HP Canada brings Print 2.0 to the enterprise

With an expansion of its enterprise printing and imaging portfolio, HP Canada is making a new push in the large business market, trying to change the way companies print.

Much like HP’s Print 2.0 push in the SMB space, in the enterprise market the vendor wants to take a more holistic approach says Jean-Paul Desmarais, IPG marketing with HP Canada. It’s not just about printers, but applying knowledge and IT expertise to simplify the printing environment, improve the workflow and optimize the infrastructure with an eye on reducing costs and enhancing productivity.

With a suite of new management tools from HP, ­Desmarais says businesses can better understand their workflow and how printing fits into it. Companies can then make decisions to re-allocate resources or make changes, such as shifting a higher capacity printer from a department under-utilizing it to a department with higher demand.

“You can only do that if you understand what’s happening in the environment,” said ­Desmarais.

While Lexmark Canada recently launched a series of vertical-specific printing solutions for the legal, health care and education spaces, Desmarais says HP prefers to take a more holistic approach that lets partners tailor offerings to meet specific business needs.

That approach is welcomed by WBM Office Systems, a Saskatoon-based solutions provider and HP Gold business partner. Brett Bailey, manager of marketing and business development with WBM, says Lexmark’s vertical approach is too product-centric. With HP, he says, it’s more about understanding the customer’s workflow and less about the technology.

“As a solution-provider we like that approach because its lets us be experts on the client and bring the technology in,” said Bailey. “We have more versatility; we’re not ramming in technology to fit.”

HP is investing in its managed print services offerings, and has launched new assessment services that include tools for industry benchmarks, optimization, managed environments and workflow discovery. Desmarais says more and more customers are having discussions around managed print services, and Bailey adds that’s the direction WBM is moving-in as well.

WBM recently received a large purchase order for printers, and rather than fulfill it, Bailey says they went to talk to the customer about their printing needs, asking for the chance to go into their environment and assess their situation. What they found was a large group of employees huddled around a departmental printer waiting for their print jobs.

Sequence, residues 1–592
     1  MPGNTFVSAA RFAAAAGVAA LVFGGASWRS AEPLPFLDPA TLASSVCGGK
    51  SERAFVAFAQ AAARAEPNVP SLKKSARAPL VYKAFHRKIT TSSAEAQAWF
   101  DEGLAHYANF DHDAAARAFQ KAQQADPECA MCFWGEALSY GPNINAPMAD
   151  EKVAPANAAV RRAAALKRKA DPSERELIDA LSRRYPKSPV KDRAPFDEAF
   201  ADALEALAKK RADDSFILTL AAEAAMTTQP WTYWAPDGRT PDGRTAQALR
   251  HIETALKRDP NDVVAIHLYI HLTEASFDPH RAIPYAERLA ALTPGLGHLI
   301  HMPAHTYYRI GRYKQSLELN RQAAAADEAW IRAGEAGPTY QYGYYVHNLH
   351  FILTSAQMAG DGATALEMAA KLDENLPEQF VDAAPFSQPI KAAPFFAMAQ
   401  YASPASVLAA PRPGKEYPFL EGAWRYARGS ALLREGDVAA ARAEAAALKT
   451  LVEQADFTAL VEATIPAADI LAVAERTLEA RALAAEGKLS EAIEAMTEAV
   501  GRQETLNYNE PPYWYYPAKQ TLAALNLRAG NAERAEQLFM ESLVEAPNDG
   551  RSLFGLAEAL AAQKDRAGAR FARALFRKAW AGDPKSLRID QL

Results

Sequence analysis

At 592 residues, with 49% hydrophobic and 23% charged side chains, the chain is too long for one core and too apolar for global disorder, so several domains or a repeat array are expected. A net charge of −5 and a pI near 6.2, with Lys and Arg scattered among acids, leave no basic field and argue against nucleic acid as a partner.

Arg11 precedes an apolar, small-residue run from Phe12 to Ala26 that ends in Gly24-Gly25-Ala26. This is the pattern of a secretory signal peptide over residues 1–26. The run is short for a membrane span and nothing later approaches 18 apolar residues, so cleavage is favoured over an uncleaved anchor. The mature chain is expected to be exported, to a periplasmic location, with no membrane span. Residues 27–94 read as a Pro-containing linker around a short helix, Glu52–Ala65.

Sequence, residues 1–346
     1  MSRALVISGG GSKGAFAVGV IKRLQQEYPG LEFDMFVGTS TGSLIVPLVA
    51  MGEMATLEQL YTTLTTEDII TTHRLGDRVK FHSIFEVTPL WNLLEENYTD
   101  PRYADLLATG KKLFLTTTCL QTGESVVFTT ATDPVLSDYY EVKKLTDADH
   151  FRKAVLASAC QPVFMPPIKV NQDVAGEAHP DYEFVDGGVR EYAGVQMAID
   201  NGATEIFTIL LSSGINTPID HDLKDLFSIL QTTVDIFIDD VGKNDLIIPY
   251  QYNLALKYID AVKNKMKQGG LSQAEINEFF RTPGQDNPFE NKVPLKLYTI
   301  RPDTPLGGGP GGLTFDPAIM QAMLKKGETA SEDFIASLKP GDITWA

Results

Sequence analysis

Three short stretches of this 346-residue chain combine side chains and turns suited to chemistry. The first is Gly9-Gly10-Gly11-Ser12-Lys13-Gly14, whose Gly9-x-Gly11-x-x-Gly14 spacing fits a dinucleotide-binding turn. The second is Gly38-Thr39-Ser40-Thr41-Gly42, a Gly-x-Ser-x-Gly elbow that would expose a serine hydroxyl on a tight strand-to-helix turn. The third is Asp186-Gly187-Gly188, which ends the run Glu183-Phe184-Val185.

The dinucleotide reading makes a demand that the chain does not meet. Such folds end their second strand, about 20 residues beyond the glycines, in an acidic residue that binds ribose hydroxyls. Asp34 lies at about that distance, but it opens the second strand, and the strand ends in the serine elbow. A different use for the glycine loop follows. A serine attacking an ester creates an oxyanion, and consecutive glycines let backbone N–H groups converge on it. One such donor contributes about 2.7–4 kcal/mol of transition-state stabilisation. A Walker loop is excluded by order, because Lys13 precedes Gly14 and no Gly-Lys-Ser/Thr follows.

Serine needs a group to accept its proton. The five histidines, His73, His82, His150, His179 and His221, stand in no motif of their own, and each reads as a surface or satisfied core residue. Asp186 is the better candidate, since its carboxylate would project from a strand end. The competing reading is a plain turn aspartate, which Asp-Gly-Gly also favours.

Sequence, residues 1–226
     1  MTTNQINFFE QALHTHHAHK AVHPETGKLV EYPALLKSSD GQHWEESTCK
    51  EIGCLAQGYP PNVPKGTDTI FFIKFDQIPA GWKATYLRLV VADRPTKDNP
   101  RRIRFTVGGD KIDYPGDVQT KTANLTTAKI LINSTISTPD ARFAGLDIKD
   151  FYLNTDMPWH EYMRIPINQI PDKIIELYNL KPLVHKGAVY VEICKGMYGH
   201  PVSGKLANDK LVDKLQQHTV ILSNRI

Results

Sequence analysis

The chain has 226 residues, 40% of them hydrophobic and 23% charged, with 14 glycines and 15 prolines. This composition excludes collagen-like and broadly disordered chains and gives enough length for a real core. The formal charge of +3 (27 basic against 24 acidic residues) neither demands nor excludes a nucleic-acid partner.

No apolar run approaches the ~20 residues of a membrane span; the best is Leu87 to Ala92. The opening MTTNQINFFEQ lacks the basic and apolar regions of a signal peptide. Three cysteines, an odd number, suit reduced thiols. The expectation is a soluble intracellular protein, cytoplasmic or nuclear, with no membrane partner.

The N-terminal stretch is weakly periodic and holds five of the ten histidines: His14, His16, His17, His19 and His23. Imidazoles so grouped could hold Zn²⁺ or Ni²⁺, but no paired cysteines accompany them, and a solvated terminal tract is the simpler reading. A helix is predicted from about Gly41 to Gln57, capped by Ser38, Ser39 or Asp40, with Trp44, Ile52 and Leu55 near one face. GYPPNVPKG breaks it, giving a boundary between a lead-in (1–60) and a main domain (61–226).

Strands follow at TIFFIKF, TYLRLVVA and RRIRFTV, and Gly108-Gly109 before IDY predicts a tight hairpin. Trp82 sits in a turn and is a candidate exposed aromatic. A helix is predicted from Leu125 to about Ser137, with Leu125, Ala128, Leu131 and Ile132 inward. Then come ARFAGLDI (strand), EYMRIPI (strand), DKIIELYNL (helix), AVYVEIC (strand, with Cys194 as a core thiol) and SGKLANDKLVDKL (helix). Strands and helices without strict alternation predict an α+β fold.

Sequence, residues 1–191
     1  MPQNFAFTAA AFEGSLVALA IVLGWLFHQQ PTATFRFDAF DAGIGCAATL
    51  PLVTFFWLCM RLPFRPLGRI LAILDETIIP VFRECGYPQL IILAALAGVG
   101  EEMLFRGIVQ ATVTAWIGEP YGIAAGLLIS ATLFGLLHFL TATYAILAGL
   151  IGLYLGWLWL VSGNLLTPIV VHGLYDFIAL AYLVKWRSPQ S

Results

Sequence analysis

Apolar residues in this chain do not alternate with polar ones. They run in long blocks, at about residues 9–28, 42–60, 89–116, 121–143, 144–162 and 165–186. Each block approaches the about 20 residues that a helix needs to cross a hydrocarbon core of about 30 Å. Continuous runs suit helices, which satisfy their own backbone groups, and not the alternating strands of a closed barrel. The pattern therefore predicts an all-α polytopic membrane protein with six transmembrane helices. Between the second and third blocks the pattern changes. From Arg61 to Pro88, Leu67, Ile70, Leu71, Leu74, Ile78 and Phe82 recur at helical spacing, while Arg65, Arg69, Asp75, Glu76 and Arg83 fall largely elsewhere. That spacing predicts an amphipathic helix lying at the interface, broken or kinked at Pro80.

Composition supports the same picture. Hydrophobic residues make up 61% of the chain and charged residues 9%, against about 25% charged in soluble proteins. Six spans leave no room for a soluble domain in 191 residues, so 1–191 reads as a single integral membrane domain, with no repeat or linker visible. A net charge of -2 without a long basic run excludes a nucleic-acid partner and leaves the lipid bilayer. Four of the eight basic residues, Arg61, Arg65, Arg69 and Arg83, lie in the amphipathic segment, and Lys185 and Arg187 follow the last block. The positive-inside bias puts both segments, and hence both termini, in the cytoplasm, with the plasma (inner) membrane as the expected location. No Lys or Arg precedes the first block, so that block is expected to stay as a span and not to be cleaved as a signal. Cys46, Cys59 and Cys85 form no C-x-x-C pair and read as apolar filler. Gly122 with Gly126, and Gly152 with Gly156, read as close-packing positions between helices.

By putting in an HP mailbox system, which routes each person’s print job to their own box, Bailey says the workers were satisfied, and at a lower cost to the enterprise. WBM also brought the printers into a managed services arrangement, which has since been extended to the company’s other offices through WBM’s VentureTech Network partners.

We’ve moved past the idea of the paperless office, says Bailey. It’s not about changing the way people work but understanding it and facilitating it. He adds WBM is seeing strong business in print infrastructure assessment and optimization, consolidating with multi-function printers (MFPs), and more colour usage in the enterprise.

The City of Langford, B.C. is one business that has consolidated its print environment with MFPs. Mike Palmer, information system administrator with the municipality, says he used to have a diverse environment of scanners and different models of laser printers but management became a challenge.

“We knew the direction we wanted to go, we just needed a solution that would take us there,” said Palmer. “The HP MFP was the solution we needed. We were able to consolidate all those devices into one while keeping that robust scanning capability.”

Langford has a managed print services arrangement with its local VAR, Island Key Computer, and Palmer says he likes the insight it gives the municipality into its print environment.

“It gives us a much better idea of how much printing is actually costing us,” said Palmer. “We would buy a new (consumables) kit every 1000 prints but we didn’t have any idea how much it really costs. It just gives us a clearer idea of how we’re printing, and it has helped us to add smaller workgroup MFPs to fit what each department needs.”

HP’s newly launched offerings include six new MFPs and printers designed for different enterprise needs, as well as solutions focused around security and job control. The vendor has also launched an ISV certification program to ensure third-party application compatibility.

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Jeff Jedras
Jeff Jedras
A veteran technology and business journalist, Jeff Jedras began his career in technology journalism in the late 1990s, covering the booming (and later busting) Ottawa technology sector for Silicon Valley North and the Ottawa Business Journal, as well as everything from municipal politics to real estate. He later covered the technology scene in Vancouver before joining IT World Canada in Toronto in 2005, covering enterprise IT for ComputerWorld Canada. He would go on to cover the channel as an assistant editor with CDN. His writing has appeared in the Vancouver Sun, the Ottawa Citizen and a wide range of industry trade publications.

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